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Subsurface Stratigraphy of the Upper Cretaceous Lower Mancos Shale and Related Units, Piceance Basin, Northwestern Colorado.

Nathan Rogers, Paul Weimer, Stephen Cumella, Renaud Bouroullec, Edmund (Gus) Gustason, and Dag Nummedal

The Upper Cretaceous lower Mancos Shale and related units in the Piceance Basin are composed of interbedded shale, siltstone, fine-grained sandstones, and shaly limestones deposited in the distal portions of clastic wedges shed eastward into the marine shelf environment of the shallow Western Interior seaway. This study is based on a detailed analysis of wireline logs from ~1,500 wells across the basin. The study interval ranges in thickness from less than 2,000 feet to the southeast to more than 4,500 feet to the northwest. Three intervals were identified with distinct stratal patterns: lowermost Mancos, the Niobrara, and the Prairie Canyon (Mancos 'B'). The lowermost Mancos (lower Cenomanian to upper Turonian) is dominantly a fossiliferous mudrock facies with abundant bentonite beds, condensed sections with significant potential source rock intervals, thin fine-grained sandstone and siltstone lithofacies, and carbonate-concretion intervals. The total thickness varies from 200 feet to 400 feet from the top of the Dakota Sandstone to the base of the equivalent of the Fort Hayes limestone of the Niobrara. Sediment was sourced from the west and wireline logs show distinct, subtle, upward-coarsening cycles with numerous interspersed ash beds. The Niobrara interval (Coniacian through Santonian) is dominantly interbedded calcareous shale and shaly limestone facies. The carbonate content increases to the eastern (more distal) part of the basin. Shale content increases toward the more proximal deposits to the west. The thickness of the Niobrara interval varies from 700 feet to 1,700 feet thick due to thinning on the transcontinental arch to the southeast. There are regionally distinct source and reservoir facies within this interval. Wireline-log correlations were used to identify distinct zones of high resistivity, and to identify hydrocarbon-bearing marls and carbonates that are in the hydrocarbon-maturation window. The upper Prairie Canyon interval (lower to middle Campanian) is dominantly interlaminated fine-grained sandstone to silty shale. The thickness of the interval varies from 700 feet to more than 1500 feet, with the thickest part of the interval central part of the basin. Correlations of subtle silt beds within this unit have identified clinoforms indicating a northerly prograding wedge. The Mancos 'B' interval contains a significant gas accumulation on the Douglas Creek arch, and much potential for Mancos 'B' gas exists deeper in the basin.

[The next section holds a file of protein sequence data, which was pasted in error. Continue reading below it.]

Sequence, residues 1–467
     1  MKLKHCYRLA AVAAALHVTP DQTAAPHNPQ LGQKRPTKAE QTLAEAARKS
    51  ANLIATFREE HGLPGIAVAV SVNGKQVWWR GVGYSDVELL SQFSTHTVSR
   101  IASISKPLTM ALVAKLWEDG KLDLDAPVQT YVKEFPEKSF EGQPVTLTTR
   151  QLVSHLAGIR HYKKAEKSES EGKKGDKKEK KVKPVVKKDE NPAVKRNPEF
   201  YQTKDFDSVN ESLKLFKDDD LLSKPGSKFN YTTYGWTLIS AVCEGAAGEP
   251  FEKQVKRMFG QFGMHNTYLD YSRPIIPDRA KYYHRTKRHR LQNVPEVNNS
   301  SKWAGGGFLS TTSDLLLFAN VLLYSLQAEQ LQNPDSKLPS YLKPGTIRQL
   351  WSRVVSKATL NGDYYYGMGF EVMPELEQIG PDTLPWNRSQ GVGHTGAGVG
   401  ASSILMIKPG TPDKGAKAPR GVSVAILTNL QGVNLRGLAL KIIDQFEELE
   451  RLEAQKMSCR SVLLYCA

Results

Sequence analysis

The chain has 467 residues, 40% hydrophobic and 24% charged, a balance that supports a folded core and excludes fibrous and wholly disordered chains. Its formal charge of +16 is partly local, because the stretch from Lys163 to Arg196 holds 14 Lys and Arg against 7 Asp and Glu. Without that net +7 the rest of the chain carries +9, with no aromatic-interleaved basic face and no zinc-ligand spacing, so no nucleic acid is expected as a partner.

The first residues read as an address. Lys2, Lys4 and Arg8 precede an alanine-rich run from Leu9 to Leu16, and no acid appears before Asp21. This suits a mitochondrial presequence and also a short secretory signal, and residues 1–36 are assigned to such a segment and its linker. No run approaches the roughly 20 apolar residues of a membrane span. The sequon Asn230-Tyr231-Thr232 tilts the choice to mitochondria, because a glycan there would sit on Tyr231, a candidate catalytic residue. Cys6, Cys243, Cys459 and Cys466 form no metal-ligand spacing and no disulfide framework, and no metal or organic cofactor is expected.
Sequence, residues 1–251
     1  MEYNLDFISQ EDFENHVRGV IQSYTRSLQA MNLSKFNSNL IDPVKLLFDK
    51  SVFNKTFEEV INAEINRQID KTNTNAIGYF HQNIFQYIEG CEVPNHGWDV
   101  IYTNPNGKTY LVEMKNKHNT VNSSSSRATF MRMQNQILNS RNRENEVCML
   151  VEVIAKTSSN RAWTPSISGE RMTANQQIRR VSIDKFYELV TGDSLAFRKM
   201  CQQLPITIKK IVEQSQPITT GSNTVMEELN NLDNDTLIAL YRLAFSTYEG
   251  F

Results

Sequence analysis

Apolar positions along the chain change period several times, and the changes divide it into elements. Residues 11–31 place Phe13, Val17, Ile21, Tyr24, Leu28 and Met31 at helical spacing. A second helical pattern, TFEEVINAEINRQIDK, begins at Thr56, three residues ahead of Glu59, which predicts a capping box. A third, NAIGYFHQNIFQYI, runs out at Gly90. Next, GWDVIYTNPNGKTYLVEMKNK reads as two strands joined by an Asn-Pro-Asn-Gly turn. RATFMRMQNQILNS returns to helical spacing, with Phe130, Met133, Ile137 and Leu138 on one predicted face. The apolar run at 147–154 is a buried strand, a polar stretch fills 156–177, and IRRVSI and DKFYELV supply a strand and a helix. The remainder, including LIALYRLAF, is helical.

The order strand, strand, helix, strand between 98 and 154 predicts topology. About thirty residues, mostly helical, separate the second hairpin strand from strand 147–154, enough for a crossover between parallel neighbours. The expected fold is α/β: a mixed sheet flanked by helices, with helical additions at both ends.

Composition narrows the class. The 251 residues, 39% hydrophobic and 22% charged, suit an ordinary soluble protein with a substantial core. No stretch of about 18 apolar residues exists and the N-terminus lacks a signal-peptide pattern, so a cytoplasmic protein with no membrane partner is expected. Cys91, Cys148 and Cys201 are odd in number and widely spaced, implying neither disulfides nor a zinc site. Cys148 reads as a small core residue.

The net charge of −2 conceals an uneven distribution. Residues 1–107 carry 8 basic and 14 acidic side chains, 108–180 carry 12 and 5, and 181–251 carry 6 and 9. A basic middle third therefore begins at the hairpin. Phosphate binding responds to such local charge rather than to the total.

AAPG Search and Discovery Article #90156©2012 AAPG Rocky Mountain Section Meeting, Grand Junction, Colorado, 9-12 September 2012